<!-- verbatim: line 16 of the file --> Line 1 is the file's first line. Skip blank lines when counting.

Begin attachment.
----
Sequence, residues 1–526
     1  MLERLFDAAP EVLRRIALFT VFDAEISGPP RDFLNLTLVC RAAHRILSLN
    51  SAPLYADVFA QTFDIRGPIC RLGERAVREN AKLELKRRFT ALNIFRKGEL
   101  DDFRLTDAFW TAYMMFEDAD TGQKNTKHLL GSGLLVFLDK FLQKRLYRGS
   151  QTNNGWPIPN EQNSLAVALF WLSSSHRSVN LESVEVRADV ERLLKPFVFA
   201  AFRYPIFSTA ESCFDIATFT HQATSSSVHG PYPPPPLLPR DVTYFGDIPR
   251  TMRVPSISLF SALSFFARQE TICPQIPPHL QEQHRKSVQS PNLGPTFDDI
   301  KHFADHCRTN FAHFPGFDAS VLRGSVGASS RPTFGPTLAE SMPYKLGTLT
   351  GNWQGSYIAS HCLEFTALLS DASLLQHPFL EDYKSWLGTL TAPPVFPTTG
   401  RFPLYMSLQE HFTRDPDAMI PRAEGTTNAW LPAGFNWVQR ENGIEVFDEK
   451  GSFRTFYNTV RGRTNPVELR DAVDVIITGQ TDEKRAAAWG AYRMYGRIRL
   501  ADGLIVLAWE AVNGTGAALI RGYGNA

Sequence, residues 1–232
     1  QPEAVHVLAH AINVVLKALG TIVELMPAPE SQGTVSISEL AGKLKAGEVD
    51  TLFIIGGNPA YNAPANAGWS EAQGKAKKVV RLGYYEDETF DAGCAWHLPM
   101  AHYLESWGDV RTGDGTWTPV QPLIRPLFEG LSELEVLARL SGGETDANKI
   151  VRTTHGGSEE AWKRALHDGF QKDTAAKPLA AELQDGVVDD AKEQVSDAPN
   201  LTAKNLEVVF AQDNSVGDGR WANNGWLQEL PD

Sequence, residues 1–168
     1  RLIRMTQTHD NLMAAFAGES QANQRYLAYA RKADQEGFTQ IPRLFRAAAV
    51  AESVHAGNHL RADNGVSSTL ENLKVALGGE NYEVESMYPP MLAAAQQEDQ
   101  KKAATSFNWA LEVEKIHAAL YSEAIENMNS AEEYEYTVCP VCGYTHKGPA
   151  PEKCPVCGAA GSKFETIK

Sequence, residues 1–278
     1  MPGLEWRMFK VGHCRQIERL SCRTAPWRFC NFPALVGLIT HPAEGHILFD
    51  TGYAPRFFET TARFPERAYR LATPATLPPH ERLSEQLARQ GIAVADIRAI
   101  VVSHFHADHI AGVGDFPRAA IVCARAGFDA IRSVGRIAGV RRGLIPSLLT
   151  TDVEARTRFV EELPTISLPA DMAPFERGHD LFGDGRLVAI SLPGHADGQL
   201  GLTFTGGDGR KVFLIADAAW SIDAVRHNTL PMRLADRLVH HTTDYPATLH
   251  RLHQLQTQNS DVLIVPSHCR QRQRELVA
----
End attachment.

   101  AHYLESWGDV RTGDGTWTPV QPLIRPLFEG LSELEVLARL SGGETDANKI